Shayndel Plotkin
Executive Director, Liumi, Inc.

Vignettes of War #2

Vignettes of War #2

Where are my footsteps leading me? I wonder…

Today I experienced another War torn neighborhood. Kibbutz Beeri. Today my footsteps lead me to the south. To the most tragic place in our land since October 7th.

I joined a holy group of individuals as we walked through the streets, all lined with burnt homes and deserted gardens of the families that were murdered, captured and “left to die” as one of the survivors expressed to us. Does the world not see? Impossible. Our new friend, Nir, met us at the barbed wire fences where he has for years told his 7 year old daughter they were enough to protect her and that she should have no fear. He told her. But the fences were gone now, the barbed wire cut through and the promises he made to her were no longer true.

He took us to homes, remnants of homes, and told us about the families no longer alive he told us of his friends, Avi is a hostage in Gaza. He told us as we stood outside his home. He told us of his own son age 15, also a hostage in Gaza until he was released 54 days in as part of a trade for three Palestinian terrorists.
He shared with us his October 7th horrors, his eyes were glossed over and his heart was wide open and broken. He has to tell us, he says. He doesn’t alway feel he can share. It is too difficult. But today he feels he has to share so that we can tell his story when we return home.

We had to listen. We have to listen. We must tell and retell his story and make it our own.

But how do I make his story my own? I ask him?

It starts with arriving at the site of the War. As a witness, I see what happened here. I can not pretend it did not. I mildly smile and say hello. I give Nir a hug. This is how he becomes my friend. This is how he becomes my brother.

I take deep breaths as we carefully step on the gravelly, torn up road and I look deeply inside the open holes that were once walls, doors, windows; and I imagine the memories of those beautiful men and women, teens, children, babies. Families.

It is not hard to imagine. I can easily hear their laughter, their stories and songs. I can easily smell the simmers in the kitchen and the cooking that went on each day as they gathered together for breakfast, lunch or dinner. I walk through the homes of Avi and Shira. I wander through the garden of Safta and Saba. I can’t take my eyes off of the swing set of Emily and Yonatan. I see the Sukkah, still not taken down, as if it is frozen in time and will not have a future.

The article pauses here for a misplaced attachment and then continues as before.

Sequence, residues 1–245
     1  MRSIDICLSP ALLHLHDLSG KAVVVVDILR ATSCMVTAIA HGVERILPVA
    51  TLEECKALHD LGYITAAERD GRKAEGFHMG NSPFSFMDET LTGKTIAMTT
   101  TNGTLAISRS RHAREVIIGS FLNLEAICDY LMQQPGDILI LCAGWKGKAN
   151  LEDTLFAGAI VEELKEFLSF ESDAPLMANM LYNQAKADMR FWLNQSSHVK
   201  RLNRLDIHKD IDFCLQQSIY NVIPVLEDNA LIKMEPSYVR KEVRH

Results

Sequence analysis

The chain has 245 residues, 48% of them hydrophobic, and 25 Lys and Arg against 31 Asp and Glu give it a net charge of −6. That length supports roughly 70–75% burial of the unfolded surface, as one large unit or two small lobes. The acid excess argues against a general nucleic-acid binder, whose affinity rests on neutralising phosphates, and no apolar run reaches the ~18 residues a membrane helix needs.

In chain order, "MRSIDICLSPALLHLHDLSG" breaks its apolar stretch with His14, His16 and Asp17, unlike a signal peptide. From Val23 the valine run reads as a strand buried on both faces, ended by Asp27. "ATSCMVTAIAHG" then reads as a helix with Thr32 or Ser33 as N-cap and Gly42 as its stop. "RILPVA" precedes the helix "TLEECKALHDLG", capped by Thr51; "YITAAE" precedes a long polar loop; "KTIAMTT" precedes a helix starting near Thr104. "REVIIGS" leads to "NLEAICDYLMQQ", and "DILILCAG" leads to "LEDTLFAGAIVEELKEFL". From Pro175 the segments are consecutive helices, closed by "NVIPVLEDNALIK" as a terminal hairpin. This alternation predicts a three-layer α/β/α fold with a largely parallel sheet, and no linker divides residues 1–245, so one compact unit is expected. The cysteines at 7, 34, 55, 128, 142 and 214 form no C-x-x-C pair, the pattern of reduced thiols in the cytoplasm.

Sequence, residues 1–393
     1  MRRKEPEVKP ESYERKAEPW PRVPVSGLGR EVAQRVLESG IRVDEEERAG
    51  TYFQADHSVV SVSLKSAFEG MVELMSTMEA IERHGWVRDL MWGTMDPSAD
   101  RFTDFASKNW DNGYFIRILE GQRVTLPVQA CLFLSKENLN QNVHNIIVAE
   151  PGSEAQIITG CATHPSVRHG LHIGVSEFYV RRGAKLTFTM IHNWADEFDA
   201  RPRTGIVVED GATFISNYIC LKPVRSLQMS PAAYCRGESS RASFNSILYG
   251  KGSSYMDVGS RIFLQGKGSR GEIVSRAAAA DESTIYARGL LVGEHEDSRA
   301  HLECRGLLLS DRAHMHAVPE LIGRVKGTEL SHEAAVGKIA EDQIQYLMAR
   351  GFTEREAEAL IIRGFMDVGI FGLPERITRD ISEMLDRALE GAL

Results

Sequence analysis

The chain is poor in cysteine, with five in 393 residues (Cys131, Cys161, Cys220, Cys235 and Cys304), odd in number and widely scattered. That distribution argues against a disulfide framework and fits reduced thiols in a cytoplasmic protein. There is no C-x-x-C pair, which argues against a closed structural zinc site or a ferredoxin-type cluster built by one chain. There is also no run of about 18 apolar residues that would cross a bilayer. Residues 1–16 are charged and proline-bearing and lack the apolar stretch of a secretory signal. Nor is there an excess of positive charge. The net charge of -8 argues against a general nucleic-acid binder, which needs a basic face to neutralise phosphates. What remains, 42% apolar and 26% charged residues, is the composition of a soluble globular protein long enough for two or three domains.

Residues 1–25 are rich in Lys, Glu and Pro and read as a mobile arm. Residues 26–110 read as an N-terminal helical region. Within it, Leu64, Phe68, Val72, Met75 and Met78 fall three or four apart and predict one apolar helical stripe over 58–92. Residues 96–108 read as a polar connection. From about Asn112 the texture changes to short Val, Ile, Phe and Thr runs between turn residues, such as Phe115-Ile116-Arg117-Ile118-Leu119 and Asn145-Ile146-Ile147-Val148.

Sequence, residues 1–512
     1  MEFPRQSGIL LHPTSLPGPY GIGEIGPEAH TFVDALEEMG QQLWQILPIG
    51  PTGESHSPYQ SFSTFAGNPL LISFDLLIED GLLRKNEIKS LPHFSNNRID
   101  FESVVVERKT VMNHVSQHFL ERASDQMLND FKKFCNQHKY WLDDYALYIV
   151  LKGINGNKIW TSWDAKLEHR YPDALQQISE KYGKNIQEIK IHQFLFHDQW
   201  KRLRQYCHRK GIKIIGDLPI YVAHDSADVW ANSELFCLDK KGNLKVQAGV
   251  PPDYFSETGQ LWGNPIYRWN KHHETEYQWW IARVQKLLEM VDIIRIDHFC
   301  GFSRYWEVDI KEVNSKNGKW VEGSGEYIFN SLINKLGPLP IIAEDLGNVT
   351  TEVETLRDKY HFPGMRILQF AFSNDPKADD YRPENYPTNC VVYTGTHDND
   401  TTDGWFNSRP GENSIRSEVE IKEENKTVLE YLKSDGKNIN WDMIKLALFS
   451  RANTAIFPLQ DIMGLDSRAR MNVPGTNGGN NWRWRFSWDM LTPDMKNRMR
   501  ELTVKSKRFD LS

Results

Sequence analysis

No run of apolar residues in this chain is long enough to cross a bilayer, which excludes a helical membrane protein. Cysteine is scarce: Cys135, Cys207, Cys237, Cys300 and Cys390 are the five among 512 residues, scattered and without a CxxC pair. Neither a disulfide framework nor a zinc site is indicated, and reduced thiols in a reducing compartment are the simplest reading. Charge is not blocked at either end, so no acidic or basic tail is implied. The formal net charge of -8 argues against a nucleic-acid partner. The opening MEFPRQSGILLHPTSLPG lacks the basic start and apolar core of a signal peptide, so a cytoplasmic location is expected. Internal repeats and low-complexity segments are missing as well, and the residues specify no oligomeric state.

I didn’t want to leave the kibbutz. I still don’t know why? It will take time to understand what I saw and what I heard. It will take time to unpack and unravel the horrors that happened in the places that I stepped and stood.

How do I make their story my own? By telling it and retelling it. Is it uncomfortable for me? Yes. Is it uncomfortable for you? Yes. It’s ok to be uncomfortable.

It is unacceptable to be comfortable.

This is war. This is right now. These are my footsteps upon this land. My land. My people. This is where I am led and this is where my heart will stay. I hugged him and said lehitraot, goodbye, to my brother. I left. He couldn’t leave. He could only wander around a bit with his footsteps leading him right back to the home he once knew and that no longer exists. My footsteps lead me back to the entry gate of Kibbutz Beeri, I passed by the broken fence, the barbed wire cut through and the promises that are forever broken. I will be back.

I kiss the hot iron gate as a Mezuzah and I leave.

About the Author
Co-Founder and Executive Director of Liumi West Retreat. As a teacher, writer, and facilitator of Jewish educational seminars and curriculum, Shayndel Plotkin is passionate about working with women, children, and families to help them grow and develop – spiritually and personally. Her background in the Jewish community, Jewish education, and Israel advocacy began in the South Florida community more than twenty years ago as a writer for the Jewish press, and then as the Israel Experience Director for the Commission for Jewish Education. She has recently been certified as a female farmer in the state of Florida. Shayndel is a writer of novels, children's stories, a professional memoirist, and writer for several international magazines. She holds a Master of Arts in Jewish Education from the Pardes Institute and Hebrew College, and a Bachelor of Arts in Journalism and Communications from Florida State University. Shayndel is a graduate of Midreshet Rachel Seminary in Jerusalem, where she studied Jewish texts and philosophy for three years. Shayndel is married to Rabbi Baruch Plotkin and together they have seven children.
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